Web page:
February 13, 2013

The big flip flop

This blog is gearing up for a major series looking at the thought of Ralph Waldo Emerson (along with the usual links and comments about current events). But to understand Emerson's world it is probably important to understand a huge flip-flop that happened in this country's religious history between the 1600s and the 1800s, the effects of which are still with us today.

Here's what I mean. If one had to generalize today about which parts of the good old USA are most prone to theological rabies, the South would win hands down.

It didn't used to be that way. I refer the interested reader to the 1997 book Southern Cross: The Beginnings of the Bible Belt by Christine Leigh Heyrman.

Short version: in the late 1600s and for much of the 1700s, New England rather than the South was the region of religious conservatism and theocracy. Think Salem witch trials and guilt ridden Puritans. In much of the South, the dominant religious was a kind of lax Anglicanism (to which this author subscribes). Alas, the Anglican church in American suffered much during the Revolution, since clergy were required to swear an oath of allegiance to the British monarch. The loss of Anglican clergy left the field open to traveling Baptist and Methodist revivalists.

Too bad, I say, but that's just me.

The weird thing is that by the 1830s or so, much of New England Puritanism had morphed into a fairly laid back Unitarianism, while the South became a bastion of not only political and racial but also religious conservatism and dogmatism.

It was in that Unitarian milieu in New England that blossomed from the embers of Calvinism that Emerson first began his career. Ironically, he was too radical in his vision even for the Unitarians, a feat which would be hard to replicate today.

THE RESOURCE CURSE is discussed here.

STATE OF DENIAL: right here in WV.


February 12, 2013

By their fruits

A few weeks back, I scored a major find at a local library. It was, and, yes, this does show what a geek I am, a 24 part lecture series on Transcendentalism and I was totally jazzed. I was all over it and regretted when it came to an end.

I'm not sure still what to make of Transcendentalism, that name for a diverse and fractious movement of writers, poets, dreamers, cranks and crazies that came spinning out of New England in the mid 1800s. And what a mixed lot they were, ranging from brilliant to batty.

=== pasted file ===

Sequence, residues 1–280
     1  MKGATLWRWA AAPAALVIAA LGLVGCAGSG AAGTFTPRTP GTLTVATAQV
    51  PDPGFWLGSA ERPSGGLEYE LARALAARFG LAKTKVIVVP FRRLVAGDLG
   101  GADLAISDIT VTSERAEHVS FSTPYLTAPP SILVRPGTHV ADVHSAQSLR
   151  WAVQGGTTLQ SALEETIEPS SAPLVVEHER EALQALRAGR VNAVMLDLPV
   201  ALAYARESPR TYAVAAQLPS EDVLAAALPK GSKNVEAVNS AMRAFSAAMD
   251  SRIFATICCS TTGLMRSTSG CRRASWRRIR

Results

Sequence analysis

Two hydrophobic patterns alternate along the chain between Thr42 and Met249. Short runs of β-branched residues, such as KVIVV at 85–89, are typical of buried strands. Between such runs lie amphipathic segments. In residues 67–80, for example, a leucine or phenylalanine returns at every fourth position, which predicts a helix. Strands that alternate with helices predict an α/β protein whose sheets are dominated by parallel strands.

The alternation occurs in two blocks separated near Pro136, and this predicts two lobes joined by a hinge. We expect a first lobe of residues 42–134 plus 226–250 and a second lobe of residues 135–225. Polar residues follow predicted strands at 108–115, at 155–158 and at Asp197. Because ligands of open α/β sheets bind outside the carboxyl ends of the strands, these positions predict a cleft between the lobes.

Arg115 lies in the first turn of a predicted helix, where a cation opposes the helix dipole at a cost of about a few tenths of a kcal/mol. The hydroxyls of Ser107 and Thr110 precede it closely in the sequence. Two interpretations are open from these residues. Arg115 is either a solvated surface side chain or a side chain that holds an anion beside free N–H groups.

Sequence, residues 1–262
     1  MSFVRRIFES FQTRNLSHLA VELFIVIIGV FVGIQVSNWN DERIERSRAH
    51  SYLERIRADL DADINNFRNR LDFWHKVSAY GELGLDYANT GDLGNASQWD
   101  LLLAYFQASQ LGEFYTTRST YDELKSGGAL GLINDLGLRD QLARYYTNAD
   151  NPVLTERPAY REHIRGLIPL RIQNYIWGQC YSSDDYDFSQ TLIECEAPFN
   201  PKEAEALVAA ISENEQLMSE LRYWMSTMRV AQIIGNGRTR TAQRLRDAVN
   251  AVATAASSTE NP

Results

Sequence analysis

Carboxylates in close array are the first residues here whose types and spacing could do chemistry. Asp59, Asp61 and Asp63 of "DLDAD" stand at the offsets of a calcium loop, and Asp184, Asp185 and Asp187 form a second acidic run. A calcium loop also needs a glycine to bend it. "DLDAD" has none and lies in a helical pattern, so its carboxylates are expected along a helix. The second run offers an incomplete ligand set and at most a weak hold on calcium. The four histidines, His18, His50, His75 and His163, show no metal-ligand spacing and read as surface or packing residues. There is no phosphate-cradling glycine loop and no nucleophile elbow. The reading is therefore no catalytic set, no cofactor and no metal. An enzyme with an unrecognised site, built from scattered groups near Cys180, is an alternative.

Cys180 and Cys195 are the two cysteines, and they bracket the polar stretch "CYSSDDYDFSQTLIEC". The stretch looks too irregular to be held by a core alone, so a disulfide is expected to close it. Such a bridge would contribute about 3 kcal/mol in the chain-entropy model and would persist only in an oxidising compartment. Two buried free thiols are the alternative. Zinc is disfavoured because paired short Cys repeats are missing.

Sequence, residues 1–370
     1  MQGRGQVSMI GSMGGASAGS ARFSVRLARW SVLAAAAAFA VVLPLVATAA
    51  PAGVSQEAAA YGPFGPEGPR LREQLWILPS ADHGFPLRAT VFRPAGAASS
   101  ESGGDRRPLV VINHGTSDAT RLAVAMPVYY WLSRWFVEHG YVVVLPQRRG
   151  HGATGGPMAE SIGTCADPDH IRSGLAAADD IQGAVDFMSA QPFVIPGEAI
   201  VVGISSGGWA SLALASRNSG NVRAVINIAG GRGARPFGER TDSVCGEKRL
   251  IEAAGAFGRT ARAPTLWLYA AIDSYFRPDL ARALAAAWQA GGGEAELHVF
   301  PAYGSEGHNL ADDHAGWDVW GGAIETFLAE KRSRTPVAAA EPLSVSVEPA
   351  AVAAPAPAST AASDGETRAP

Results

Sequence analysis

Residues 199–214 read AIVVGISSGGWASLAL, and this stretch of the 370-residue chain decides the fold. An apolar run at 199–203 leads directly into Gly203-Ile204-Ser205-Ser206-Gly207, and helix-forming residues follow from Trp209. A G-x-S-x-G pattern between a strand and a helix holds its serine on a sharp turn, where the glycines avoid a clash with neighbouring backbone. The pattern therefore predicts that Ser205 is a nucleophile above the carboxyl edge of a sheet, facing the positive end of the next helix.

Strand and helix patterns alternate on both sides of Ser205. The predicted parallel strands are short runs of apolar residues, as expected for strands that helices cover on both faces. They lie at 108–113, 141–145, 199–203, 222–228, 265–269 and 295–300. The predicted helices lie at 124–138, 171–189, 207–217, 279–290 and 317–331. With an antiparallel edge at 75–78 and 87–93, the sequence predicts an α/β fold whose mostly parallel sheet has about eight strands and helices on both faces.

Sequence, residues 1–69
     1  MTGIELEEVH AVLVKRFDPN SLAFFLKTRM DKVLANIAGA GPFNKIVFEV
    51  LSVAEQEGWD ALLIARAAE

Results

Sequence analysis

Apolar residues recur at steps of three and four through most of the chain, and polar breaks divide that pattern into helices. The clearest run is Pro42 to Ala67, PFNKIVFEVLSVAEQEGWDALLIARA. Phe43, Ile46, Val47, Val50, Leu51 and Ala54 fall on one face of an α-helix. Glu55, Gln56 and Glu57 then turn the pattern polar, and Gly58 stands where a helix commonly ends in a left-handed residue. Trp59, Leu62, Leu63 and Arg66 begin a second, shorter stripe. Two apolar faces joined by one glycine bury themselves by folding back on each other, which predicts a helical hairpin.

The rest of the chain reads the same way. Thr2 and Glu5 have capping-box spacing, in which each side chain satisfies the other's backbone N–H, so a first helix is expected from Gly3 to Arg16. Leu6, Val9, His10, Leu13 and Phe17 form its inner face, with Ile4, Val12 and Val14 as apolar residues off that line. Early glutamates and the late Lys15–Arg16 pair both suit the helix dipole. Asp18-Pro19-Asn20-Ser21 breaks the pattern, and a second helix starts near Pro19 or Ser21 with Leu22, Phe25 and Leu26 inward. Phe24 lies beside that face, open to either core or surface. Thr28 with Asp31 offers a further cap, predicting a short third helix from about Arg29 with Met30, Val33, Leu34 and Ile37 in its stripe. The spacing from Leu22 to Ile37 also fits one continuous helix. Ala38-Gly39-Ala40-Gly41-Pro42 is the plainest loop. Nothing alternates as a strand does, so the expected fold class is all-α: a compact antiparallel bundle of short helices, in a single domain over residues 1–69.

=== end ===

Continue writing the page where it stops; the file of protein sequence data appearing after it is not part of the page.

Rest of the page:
But still, for all the amorphous verbosity, this was a movement or a trend in American thought that spread far beyond this continent and it had a largely beneficial influence, as its ripples were felt in the anti-slavery movement, support for the Union cause and abolition in the Civil War, the early women's movement, environmentalism, the utopian community movement,spiritual egalitarianism and other social reforms.

You could make a good case that one of these guys (Thoreau) accidentally laid the foundations for the theory of nonviolent action, which did great things during the Civil Rights movement and in many other circumstances..

People like Emerson and Thoreau were also among the earliest cultural bridges, promoting respect for other religions. No history of Buddhism's migration to the West or of the dawning appreciation in this country of such Indian classics as the Bhagavad Gita would be complete without a nod to this movement.

Jesus said "by their fruits shall you know them" and I try to make it a point to avoid sharp disagreements with him. By that standard, as loopy as some of the Transcendentalists were, they did pretty good.

Much more on Ralphie to come.

LATEST RANT. Here's my call for WV Governor Tomblin to expand Medicaid coverage to working West Virginians.


IT HAS BEEN WAY TOO LONG since I ran something about zombies.


February 11, 2013

A good time for writing